Streaming is the process of segregating students by ability. You can 'stream' across the whole curriculum and get 3A, 3B, 3C etc. (though obviously we are way too politically correct to call them that any more, and probably use Indigenous animal names or something like that). The benefit of streaming is that is reduces the need for differentiation within the classroom - you can teach 3A harder stuff, stuck to the basics with 3E. Much easier to keep kids engaged with challenges that suit their level of skill. The problems are obvious - entrenching those levels, reinforcing behaviours etc. With whole curriculum streaming there is the added issue that a kid may be great at something and crap at something else, so it is problematic to do. We don't do that as much any more, but what we have started to do is subject streaming. So you will be in 3-Artichoke most of the time, but then you may be streamed for literacy, so if you are a good English student when it is time to do reading and writing you go off with all the other literacy braniacs and all the lesser literates go off to their class. Same for numeracy. One variation of this is in-class streaming where you create things like 'reading groups' of 4-5 kids within the class, and get all the good readers in one group and give them the harder work. An alternative is to put high performing and struggling students together into a group, and create exercises that let them co-participate (and in some instances get the better performing students to support the ones having more difficulty). There was an interesting approach mentioned recently, where a whole year (5 or 6 from memory) was brought together for an activity. A number of activity stations were set up (with different levels of challenge) and students were invited to go to whichever they wanted to. Throughout the course of the activity, some students chose to move - either to a harder activity to be more challenged or to an easier one because *they recognised* that they needed more support.
We've had a number of in-class conversations about streaming recently, and I took the opportunity to crystalise my thoughts by responding to another student's posting in a discussion forum about a school they had visited that uses streaming for English and Math and is achieving good NAPLAN results. Thought I... Continue reading
Hi Sarah, Glad you found it useful. While that paper has been cited in a couple of different places, as far as I know noone has pushed that particular model any further - and sadly I have not had time to revisit it to explore it further. If you are writing in the area, I'd love to see where you end up when you get to the point of being able to share your work. Thanks, brett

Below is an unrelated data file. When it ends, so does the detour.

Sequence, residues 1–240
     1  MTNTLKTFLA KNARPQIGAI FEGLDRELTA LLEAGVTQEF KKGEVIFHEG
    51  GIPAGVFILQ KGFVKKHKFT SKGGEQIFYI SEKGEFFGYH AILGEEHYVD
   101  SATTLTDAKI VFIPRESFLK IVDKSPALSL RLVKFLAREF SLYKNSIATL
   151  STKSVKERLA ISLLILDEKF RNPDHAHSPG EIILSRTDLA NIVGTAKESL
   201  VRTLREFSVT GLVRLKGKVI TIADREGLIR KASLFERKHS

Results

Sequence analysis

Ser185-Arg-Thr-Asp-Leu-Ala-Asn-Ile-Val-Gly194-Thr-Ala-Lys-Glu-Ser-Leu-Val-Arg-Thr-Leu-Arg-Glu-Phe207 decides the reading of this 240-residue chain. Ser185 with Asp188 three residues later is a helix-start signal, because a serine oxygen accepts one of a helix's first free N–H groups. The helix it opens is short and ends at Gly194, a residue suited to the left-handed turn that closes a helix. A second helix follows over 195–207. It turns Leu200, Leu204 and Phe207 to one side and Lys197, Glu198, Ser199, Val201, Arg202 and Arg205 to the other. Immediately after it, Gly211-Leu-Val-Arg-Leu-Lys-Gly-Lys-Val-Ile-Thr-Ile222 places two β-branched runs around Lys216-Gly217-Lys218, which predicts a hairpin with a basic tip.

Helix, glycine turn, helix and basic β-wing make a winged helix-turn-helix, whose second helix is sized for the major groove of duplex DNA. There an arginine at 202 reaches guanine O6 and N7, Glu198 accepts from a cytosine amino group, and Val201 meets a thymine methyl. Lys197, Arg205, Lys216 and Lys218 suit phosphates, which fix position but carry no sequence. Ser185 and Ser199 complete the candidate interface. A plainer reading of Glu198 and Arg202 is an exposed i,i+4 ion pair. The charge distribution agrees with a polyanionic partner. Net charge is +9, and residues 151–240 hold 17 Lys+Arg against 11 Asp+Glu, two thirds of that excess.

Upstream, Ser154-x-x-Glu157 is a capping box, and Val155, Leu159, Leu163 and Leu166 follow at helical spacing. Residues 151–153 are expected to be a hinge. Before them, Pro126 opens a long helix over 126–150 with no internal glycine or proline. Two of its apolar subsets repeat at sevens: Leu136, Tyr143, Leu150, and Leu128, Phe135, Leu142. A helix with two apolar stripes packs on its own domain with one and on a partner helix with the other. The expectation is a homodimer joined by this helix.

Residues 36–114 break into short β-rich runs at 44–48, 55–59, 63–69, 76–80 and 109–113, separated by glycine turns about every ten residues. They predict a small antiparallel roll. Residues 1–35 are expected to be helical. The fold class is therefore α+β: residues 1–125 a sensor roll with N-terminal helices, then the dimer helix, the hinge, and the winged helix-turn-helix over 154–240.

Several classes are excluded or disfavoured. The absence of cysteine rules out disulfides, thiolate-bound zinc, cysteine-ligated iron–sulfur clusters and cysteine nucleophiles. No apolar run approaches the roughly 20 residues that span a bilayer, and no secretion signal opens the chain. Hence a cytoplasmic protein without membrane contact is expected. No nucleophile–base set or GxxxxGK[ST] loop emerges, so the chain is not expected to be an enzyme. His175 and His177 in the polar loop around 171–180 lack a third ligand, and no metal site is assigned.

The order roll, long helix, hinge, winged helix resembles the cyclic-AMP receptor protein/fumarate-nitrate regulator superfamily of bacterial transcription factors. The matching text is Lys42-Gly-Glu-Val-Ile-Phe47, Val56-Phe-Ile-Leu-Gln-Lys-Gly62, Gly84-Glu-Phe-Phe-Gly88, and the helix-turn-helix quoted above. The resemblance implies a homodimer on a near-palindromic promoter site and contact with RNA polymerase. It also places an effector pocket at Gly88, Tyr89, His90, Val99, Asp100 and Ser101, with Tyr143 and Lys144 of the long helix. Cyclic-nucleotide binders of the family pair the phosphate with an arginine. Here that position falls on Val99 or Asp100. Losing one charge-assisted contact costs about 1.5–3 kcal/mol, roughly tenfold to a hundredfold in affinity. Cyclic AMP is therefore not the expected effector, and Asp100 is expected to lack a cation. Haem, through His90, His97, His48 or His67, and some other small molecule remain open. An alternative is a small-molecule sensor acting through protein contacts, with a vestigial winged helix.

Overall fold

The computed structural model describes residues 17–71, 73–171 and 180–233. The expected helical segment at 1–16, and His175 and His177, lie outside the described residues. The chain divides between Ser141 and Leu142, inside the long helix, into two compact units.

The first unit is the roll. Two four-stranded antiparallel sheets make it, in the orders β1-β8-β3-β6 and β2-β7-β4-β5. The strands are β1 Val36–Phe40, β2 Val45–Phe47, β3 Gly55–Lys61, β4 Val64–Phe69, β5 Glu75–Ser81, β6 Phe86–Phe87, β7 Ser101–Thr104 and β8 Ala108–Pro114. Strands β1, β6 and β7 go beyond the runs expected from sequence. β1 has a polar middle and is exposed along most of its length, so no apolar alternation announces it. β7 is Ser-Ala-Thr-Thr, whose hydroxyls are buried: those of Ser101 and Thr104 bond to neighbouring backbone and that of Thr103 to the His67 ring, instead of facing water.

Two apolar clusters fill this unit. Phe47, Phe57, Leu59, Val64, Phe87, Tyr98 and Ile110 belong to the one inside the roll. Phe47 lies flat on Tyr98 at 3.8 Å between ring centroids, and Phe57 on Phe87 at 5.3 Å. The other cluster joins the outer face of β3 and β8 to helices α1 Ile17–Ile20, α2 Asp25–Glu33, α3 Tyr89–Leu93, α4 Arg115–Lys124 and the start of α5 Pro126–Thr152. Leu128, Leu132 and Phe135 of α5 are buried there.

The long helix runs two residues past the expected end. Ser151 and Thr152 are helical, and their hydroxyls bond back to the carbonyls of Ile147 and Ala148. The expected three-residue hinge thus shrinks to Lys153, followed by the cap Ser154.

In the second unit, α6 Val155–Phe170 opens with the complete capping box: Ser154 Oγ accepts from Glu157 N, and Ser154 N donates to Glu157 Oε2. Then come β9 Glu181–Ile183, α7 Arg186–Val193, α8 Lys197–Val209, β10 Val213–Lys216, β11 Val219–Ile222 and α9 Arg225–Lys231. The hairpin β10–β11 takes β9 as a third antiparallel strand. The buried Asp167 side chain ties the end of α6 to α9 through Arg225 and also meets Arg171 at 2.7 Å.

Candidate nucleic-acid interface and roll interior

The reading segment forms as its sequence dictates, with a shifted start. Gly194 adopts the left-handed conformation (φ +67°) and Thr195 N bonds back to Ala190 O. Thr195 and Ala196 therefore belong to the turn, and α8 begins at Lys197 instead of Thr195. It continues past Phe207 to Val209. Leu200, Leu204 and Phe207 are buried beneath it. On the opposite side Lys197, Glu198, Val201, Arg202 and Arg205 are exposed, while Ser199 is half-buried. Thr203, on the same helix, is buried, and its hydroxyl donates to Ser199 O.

Hi Emily, and welcome to the joy's of MTeach - are you enjoying the nice relaxed start to the course... they really ease you into it gradually ;) 'Mo's Smelly Jumper'? Don't know that one, will have to check it out. I too got off to an excellent start with 'The Wrong Book' - it was interesting, while my buddy was very into anticipating what was coming next, the overarching story line eluded him I fear (which is understandable as the whole idea of it being Nicholas' book, and his slight character flaws is much less interesting that the monsters, pirates et al.)
So I take it you won't be shopping Hudson's look then Ben? But you have to admit, that's a might swell looking sweater-vest!
Completely reasonable request. And I guess this is where my concern around the standard of 'quality' comes about. As long as it generates interest and sustains some form of narrative flow (and does not hideous harm to the English language), is sounds good to me! From memory it is 'Animalia' (big shout out to all the Graeme Base loathers in the audience tonight!) that has animals by letter, which is a at least engaging - I'm not sure about narrative. There are other books that grow a story by letter in a similar way. We saw a great Gillian Rubenstein book last week called 'Dog In, Cat Out', which tells the story of a cat and a dog in a family house over the course of the day - on each page each animal may be in or may be out, and the text is simply the four words describing the situation. By learning to simply identify which word is which, the child becomes able to 'read' the story (to assist, the letter as the start of each word is capitalised and in red). I believe there are also a renga of books that just stick to very simple text and sparse wording. As they rely more on the illustrations, they tend to do well or poorly on that basis, but they definitely do exist. I was also happy to hear our Mathematics lecturer today speaking in the same way of the importance of story-based literature for maths. There are also lots of basic numeracy texts that include stories, things like 'The Hungry Caterpillar' and 'One Fish, Two Fish, Red Fish, Blue Fish'. These are obviously a lot more intrinsically motivating that a book with a bunch of random objects and a number on each page.
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I noticed today that apparently Ralph Lauren have produced a children's book ('The RL Gang: A Magically Magnificent School Adventure’), available as a picture book and a 'read' online. Of course, reading online is much better, because you can enjoy the lovely animation and Uma Thurman's earnest narration. And more... Continue reading
So it's back into the swing of things - week two and we are already being let loose on unsuspecting seven year olds as part of our English primary curriculum work. One of the things I have always wondered about is the aversion many teachers and academics seem to have... Continue reading
There's lots of discourse about 'democratic' classrooms and introducing negotiated class rules, but I really liked the way it was expressed by a teacher from Harmony school, cited in 'Emergent Curriculum' by Jones and Nimmo; "...we have consciously avoided setting up rules at the beginning of the year because we... Continue reading
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So when I read that Po Bronson had (co)written a parenting book, I decided to give it a look. I've been a fan of Bronson for great books like 'Bombadiers' and 'The Nudist on the Late Shift', so I had high expectations. Happily, I can report that after reading 'NurtureShock'... Continue reading